China is now the worldʼs largest digital retail market. E-commerce shoppers spent $1.3 trillion online in 2012, a figure that is expected to grow to $3.3 trillion by 2015, according to the 2013 report ʻChinaʼs Ecommerce Prizeʼ by management consultants Bain & Company.
While e-commerce might still contribute just a fraction of total retail sales in China, it plays an increasingly important role in driving overall domestic consumption. Offline retail development is lagging behind online growth. In 2013, online channels stayed strong, despite a slowdown in overall retail sales. E-commerce now accounts for 5% of all retail sales, with total online sales growing between 60-80% each year.
In 2014, Chinese and global consumers spent RMB 57.1 billion ($9.3 billion) in just 24 hours during the “11.11”, or Singles Day, Shopping Festival on Alibabaʼs websites, smashing the previous yearʼs record of RMB 35 billion ($5.7 billion). The 2013 record had equaled half of all China online and offline retail sales in September.
Further signs of the growth in the market can be seen in the proportion of GDP that e-commerce accounts for. In the first half of 2014, it was already 4.56% of Chinaʼs GDP. While in 2013, the proportion of online retail sales made up 3.47% of GDP for the whole year, according to figures from Analysys International.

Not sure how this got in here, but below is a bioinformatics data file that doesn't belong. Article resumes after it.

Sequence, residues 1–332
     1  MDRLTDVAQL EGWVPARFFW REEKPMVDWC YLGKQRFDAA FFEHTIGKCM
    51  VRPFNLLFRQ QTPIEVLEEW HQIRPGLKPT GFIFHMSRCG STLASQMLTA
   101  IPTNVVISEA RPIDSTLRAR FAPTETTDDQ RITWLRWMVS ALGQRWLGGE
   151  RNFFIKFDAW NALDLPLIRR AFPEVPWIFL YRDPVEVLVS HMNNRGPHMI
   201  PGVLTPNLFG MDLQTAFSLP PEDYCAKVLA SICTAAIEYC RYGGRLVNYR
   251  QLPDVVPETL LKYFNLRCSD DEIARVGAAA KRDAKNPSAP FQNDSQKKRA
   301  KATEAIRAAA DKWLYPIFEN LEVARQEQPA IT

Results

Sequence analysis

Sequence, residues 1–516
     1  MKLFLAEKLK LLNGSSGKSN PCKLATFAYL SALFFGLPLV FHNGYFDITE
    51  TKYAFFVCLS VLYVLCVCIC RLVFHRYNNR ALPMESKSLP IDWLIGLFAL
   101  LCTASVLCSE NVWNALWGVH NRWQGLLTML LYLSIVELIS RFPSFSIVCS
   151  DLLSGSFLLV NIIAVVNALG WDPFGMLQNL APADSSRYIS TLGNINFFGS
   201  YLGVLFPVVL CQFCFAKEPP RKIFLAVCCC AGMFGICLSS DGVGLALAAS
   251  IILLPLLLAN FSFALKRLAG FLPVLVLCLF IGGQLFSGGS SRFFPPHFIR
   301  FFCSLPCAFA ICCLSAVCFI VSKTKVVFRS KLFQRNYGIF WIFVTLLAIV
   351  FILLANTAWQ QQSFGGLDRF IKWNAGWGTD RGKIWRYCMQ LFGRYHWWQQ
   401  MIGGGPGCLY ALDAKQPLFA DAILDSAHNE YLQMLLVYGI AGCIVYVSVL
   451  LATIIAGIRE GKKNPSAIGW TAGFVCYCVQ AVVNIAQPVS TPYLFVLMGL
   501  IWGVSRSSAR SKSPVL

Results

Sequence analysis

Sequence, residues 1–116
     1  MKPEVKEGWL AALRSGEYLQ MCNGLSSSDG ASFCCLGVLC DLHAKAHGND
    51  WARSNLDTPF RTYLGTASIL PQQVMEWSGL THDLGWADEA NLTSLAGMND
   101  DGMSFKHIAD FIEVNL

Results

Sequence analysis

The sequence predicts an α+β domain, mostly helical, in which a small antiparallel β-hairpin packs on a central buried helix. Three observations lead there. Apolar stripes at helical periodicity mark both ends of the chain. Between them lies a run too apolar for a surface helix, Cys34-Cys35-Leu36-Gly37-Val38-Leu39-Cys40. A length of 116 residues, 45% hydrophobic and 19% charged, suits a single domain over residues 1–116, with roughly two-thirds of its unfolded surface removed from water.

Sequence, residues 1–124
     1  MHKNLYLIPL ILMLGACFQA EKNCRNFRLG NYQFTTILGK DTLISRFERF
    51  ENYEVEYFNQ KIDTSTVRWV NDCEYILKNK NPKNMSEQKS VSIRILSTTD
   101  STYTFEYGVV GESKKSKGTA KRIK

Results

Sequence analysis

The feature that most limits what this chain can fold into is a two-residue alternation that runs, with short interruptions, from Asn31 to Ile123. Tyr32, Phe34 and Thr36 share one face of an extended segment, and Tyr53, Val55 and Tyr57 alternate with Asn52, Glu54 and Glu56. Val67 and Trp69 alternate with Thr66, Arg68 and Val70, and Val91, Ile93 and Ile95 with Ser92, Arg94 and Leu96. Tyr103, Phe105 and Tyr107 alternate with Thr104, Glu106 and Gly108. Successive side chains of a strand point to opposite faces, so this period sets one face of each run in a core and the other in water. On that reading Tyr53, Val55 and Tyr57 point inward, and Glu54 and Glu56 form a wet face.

That growth has seen China reach a major milestone. According to Bain & Company, in 2014 the Chinese e-commerce market surpassed the US to become the biggest in the world, a trend driven by Alibabaʼs 300 million users—equivalent to the entire population of the US.
For all that rapid growth, thereʼs still scope for it to continue even further. In 2013, only 48.9% of Chinaʼs internet users were online shoppers, compared with 74.2% of the US, 77.6% of the UK, and 79.5% of Germany, according to the China Internet Network Information Centre. Also, just 45.8% of the Chinese population are internet users, compared with 83.2% of the US, 88.9% of the UK, and 86.1% of Germany.
This development means people are now using online retail for everything from getting their car serviced to designing furniture for their home. And Alibaba is currently the main beneficiary of such changing spending habits. At the end of 2013, the companyʼs reported revenue was $3.06 billion, up 66% from a year earlier, with a net profit of $1.36 billion—up 110% year-on-year. And in the 12 months ending June 30, 2014, Alibabaʼs retail marketplaces (Taobao Marketplace, Tmall.com and Juhuasuan) had 279 million active buyers in total.